Republican gubernatorial nominee Larry Hogan told veterans Wednesday that he would eliminate the state income tax on military pensions if elected.

"This tax is not only bad economic policy, it's also unfair to the men and women who have served our state and fought for our nation. You earned this tax break," Hogan told members of the Maryland Department of the American Legion at their annual convention in Ocean City.


"On day one we'll get to work on this," he said. "And with the support of the 450,000 Maryland soldiers, sailors, airmen and Marines standing behind us, I'm confident we'll even be able to convince the tax-and-spend politicians in Annapolis that it is the right thing to do."

Hogan's campaign estimated that eliminating the tax would cost the state $40 million in revenue. Spokesman Adam Dubitsky said the loss would be offset by the large numbers of veterans whom it would allow to remain in Maryland.

"By keeping money in veterans' pockets it will support local businesses and increase local and state government revenue," Dubitsky wrote in an email.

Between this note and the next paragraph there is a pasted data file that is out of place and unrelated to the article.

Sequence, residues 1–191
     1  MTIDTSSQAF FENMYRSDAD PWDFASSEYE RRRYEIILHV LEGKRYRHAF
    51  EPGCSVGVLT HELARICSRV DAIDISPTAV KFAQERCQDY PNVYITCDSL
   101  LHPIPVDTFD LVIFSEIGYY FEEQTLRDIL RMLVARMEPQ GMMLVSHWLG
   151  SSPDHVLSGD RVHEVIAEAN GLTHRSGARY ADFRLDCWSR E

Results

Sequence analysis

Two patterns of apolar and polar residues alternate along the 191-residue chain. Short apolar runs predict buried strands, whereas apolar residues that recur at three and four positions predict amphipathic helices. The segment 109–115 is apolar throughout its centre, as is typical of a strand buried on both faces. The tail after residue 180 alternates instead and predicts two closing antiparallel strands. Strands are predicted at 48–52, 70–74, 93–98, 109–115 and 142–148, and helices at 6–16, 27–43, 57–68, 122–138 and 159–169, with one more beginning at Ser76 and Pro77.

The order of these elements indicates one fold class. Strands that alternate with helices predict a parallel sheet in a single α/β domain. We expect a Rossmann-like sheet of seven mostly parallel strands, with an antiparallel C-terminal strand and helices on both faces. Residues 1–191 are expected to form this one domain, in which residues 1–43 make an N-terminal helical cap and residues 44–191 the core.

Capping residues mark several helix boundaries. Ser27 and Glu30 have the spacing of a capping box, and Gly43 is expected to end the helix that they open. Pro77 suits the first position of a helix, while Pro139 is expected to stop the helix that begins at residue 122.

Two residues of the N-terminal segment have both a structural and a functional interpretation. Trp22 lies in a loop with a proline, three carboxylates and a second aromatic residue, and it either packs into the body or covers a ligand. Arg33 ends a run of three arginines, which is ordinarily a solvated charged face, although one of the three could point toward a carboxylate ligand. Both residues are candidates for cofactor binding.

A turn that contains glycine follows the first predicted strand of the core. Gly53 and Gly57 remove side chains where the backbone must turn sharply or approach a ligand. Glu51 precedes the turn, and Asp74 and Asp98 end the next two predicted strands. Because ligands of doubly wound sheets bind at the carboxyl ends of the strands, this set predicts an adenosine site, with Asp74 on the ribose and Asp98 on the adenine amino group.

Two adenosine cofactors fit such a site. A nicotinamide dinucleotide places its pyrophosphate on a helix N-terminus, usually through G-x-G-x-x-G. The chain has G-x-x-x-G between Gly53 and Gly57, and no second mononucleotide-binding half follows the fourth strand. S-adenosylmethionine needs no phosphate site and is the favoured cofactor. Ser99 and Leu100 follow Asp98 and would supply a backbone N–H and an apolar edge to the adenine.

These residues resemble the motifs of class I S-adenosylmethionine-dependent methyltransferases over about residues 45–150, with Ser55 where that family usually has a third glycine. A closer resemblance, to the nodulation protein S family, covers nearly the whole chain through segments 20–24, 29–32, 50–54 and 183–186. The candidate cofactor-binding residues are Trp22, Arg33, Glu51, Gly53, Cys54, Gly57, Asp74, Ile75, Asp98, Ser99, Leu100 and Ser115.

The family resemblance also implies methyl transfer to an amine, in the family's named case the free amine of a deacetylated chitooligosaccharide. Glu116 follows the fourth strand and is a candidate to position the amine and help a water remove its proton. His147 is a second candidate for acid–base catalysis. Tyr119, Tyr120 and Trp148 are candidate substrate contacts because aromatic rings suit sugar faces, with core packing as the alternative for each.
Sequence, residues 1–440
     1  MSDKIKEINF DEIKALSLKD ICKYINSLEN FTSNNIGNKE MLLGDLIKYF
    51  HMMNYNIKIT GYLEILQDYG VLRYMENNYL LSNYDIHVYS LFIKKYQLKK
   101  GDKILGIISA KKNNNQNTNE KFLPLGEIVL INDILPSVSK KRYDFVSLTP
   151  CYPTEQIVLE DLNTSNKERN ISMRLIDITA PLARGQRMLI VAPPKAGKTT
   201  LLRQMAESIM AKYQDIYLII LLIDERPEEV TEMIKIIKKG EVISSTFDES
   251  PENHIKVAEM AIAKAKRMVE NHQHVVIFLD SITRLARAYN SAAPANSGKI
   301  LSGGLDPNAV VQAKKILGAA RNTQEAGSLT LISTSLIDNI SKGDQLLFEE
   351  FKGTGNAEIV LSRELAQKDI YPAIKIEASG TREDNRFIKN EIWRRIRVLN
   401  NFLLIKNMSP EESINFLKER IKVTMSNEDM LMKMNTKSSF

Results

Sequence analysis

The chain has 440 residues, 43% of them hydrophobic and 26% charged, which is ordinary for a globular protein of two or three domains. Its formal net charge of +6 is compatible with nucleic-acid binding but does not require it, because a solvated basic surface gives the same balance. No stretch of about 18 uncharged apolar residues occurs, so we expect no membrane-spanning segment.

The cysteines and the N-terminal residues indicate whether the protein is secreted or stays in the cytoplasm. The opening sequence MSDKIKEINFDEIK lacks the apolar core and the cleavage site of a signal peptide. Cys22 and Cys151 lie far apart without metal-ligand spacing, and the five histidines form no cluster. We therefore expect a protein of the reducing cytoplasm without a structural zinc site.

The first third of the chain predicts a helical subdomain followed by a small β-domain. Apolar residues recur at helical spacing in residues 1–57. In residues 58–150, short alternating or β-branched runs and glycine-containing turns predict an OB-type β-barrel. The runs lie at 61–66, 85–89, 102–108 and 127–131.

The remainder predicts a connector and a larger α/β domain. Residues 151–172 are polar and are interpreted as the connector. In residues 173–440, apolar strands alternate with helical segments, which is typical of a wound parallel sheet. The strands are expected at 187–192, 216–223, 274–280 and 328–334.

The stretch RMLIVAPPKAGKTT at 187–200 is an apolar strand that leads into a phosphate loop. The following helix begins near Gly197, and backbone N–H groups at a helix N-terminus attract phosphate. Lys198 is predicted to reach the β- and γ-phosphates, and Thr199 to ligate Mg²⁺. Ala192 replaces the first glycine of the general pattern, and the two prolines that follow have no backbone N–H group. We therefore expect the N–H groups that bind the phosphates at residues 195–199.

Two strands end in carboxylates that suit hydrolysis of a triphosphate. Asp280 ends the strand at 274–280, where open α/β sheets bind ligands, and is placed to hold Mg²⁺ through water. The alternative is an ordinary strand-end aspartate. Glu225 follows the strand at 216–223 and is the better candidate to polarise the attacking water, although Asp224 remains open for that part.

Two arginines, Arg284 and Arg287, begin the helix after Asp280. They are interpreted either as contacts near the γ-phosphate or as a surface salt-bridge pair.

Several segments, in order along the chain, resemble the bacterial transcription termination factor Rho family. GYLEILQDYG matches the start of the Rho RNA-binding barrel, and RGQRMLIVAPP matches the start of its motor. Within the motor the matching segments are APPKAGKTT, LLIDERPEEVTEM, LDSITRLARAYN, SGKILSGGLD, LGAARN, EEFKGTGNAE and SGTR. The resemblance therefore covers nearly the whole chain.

He added that state audits have shown nearly $2 billion in waste, fraud and abuse, the savings from which would more than offset the tax cut.

Lt. Gov. Anthony Brown, the Democratic nominee for governor, has also proposed a tax break for veterans.

Brown, a colonel in the Army Reserve who earned a Bronze Star in Iraq, said during the Democratic primary campaign that he would eliminate the state income tax on military pensions up to $150,000.

Brown, who announced his plan last November, said he would phase the cut in over eight years. His campaign estimated the loss of revenue by July 2018 at $17.5 million annually.
Brown's campaign did not respond to a request for comment.